Loving Your Regrets
Regrets. We all have them. It may be something you wish you hadn’t done, or a missed opportunity where you didn’t take action and wish that you had. It might be something that was done to you; you were the victim, yet you still feel regret.
Whether it’s something from last week, last year, or decades ago, you long to make things right – to change direction, to begin again. Yet somehow your attempts to fulfill this longing elude you.
This constant back-and-forth between longing and regret is the “Sorry Cycle.” It’s a pattern many of us live with every day.
Some people have bigger regrets, or dwell on their regrets more than others, but everybody has them.
Mentally rehearsing your regrets over and over in a Sorry Cycle gets you nowhere. Moreover, it does you a lot of harm.
So, what should you do?
Here is some advice that may sound strange: Don’t regret your regrets. That’s right – don’t regret your regrets! Learn to love them because they can teach you how to pursue a life you don’t need to regret.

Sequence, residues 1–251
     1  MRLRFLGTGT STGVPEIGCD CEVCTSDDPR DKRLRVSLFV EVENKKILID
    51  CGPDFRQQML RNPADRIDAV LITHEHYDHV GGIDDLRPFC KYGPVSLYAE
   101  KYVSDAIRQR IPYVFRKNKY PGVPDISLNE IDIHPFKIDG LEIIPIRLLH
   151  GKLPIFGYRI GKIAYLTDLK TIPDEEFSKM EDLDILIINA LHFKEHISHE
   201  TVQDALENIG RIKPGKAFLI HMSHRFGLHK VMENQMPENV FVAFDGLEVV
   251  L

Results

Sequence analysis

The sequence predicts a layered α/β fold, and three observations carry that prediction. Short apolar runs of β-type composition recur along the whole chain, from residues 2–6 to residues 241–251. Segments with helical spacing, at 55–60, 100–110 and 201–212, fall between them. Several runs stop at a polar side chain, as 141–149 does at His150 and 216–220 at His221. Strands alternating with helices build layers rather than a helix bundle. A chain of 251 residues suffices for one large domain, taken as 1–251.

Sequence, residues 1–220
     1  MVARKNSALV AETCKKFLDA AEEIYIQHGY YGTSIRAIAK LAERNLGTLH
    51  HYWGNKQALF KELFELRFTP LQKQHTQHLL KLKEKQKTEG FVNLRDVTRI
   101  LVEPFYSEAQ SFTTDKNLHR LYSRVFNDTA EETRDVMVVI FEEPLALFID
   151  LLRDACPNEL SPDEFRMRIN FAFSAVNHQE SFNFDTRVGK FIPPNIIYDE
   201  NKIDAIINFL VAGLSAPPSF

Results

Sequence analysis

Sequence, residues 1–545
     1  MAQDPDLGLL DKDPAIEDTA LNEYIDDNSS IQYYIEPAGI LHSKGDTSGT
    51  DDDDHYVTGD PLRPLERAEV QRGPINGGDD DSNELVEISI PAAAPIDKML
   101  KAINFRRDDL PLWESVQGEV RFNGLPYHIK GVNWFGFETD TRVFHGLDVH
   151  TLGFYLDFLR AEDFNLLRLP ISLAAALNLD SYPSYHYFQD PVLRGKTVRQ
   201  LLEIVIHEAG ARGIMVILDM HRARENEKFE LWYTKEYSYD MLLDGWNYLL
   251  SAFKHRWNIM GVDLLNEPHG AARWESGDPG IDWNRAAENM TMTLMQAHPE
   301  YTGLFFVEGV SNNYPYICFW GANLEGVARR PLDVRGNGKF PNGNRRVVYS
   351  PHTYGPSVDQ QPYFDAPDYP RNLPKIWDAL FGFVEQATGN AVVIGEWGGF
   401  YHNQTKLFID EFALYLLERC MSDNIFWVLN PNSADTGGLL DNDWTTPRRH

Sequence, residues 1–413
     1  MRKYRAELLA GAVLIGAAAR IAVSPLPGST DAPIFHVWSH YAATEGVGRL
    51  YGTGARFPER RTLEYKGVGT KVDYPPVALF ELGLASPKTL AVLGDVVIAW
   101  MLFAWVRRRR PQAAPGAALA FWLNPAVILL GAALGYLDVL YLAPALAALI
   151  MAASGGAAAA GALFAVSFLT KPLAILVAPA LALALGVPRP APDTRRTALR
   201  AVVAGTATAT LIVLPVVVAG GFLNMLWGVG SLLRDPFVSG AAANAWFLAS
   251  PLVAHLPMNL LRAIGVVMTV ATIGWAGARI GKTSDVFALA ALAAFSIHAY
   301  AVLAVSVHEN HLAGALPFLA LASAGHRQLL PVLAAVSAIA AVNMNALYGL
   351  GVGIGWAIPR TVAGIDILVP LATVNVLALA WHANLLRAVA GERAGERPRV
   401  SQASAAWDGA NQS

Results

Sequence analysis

In her very popular TED talk, journalist Kathryn Schulz concludes with this word of advice: “Regret doesn’t remind us that we did badly. It reminds us that we know we can do better.”
The Sorry Cycle is a kind of negative feedback. Through unhealthy rumination, you let your regrets route back to your deeply felt longings in a way that often leads you to make even worse decisions than you did before. The results are about as pleasant as the squeal of a PA system when the sounds coming out of the amp feed back through a microphone.
However, regrets don’t have to produce negative feedback. If you are mindful of what you are doing with your regrets, you can ask God to help you make different choices that turn those regrets into positive feedback.
Danish philosopher Soren Keirkegaard once said, “Life can only be understood backwards, but it must be lived forwards.” Take up the challenge to see regret, not as something to regret, but as something to love because it is priceless feedback that allows you to better understand your life.
Reflect: What are your deepest regrets? How might they keeping you stuck in the “Sorry Cycle”?